While the risks for oil transport via tankers are nowadays down to (mainly) weather conditions and to a much lesser extend (the risks) are connected with politico-social or economic conditions, the risks regarding gas transportation via pipeline network are much more complex. Since pipelines go through third countries in order to reach their ultimate destination (one part of the destination may be the transit country itself) the political as well as the economic risks are getting more complicated and they can be found in both the producing and the transit countries. Although each region of the world may have special characteristics outlining the risks, there are some common problems that can be found around the world. Note that risks are not only about the transportation itself but also specific problems that can arise in the producing as well as the transit countries. Those risks are usually found in developing countries: former USSR, Latin America and parts of S.E. Asia.

a) Producing Countries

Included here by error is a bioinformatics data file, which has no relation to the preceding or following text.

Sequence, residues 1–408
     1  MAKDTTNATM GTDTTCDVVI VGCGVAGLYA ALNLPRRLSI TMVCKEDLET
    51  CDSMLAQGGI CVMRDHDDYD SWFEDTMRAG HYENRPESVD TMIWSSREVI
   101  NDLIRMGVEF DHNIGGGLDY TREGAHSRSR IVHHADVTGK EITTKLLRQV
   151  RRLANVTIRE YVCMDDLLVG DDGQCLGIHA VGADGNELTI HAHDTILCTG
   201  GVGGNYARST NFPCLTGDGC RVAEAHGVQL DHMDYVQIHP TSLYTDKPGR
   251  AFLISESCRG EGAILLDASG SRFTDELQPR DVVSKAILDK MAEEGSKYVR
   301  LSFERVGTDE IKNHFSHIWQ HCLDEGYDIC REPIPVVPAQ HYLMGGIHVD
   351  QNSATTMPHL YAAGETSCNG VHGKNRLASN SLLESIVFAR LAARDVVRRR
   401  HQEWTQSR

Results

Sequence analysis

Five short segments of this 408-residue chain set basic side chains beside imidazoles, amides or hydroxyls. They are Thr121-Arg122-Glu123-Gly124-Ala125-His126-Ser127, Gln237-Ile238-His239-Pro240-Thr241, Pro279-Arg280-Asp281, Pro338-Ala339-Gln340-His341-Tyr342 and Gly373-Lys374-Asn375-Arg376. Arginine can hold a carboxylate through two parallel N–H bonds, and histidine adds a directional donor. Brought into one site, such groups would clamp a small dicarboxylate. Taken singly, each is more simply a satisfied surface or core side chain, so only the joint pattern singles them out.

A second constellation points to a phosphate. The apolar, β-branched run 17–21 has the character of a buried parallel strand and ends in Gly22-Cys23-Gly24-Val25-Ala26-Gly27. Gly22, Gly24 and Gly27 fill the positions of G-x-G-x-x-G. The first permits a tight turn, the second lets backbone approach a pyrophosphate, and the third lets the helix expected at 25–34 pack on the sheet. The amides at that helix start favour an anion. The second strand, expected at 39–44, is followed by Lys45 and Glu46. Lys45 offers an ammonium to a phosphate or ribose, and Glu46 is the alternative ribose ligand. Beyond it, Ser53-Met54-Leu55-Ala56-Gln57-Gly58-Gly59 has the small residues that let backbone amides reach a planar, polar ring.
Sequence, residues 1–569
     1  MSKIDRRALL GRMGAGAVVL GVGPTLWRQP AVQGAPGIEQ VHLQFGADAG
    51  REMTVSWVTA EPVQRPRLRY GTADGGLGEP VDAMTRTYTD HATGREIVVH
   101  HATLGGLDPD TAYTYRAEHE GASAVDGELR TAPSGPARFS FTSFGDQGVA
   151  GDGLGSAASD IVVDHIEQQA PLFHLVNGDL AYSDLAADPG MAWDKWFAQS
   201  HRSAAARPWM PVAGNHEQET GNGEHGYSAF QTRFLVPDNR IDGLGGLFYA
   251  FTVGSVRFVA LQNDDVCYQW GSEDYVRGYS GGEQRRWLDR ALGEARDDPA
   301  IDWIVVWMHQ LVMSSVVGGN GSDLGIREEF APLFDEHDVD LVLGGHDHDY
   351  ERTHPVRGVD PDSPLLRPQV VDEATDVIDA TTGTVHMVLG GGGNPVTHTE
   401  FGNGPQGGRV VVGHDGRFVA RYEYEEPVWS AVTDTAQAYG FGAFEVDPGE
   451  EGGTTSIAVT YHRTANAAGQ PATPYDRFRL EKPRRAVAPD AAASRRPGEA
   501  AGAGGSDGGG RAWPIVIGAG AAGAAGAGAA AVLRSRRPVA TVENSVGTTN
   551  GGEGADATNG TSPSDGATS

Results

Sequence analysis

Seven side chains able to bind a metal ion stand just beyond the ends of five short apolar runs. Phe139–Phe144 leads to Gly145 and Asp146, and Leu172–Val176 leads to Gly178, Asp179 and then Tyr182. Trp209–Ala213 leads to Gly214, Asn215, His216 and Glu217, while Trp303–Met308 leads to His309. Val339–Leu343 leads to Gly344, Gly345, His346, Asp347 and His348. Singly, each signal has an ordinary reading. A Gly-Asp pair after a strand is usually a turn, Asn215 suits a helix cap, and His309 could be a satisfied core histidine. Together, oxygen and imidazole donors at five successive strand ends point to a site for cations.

Oil production in the above regions tends to employ relatively few people, especially if one considers the vast majority of revenues oil and gas business offer to each State. The linkage between local economy and each country’s/region’s production is through state revenues from the energy sector. In these regions the ability of the State to allocate those revenues transparently to high-priority expenditures is very weak. The lack of accountability by the governments and the only few staff trained in expenditure analysis or auditing are prone to considerable corruption and waste. Weak democratic system, i.e. little or no parliamentary control and the lack of a proper judiciary system (among others), contribute towards this expanded corruption. Also, highly personalized and authoritarian regimes, combined with uncertainty over succession to presidency or other high posts and a lot of patronage in the political life reinforce such tendencies. This leads the public to (correctly) believe that local elites are taking the lion’s share from energy-related revenues.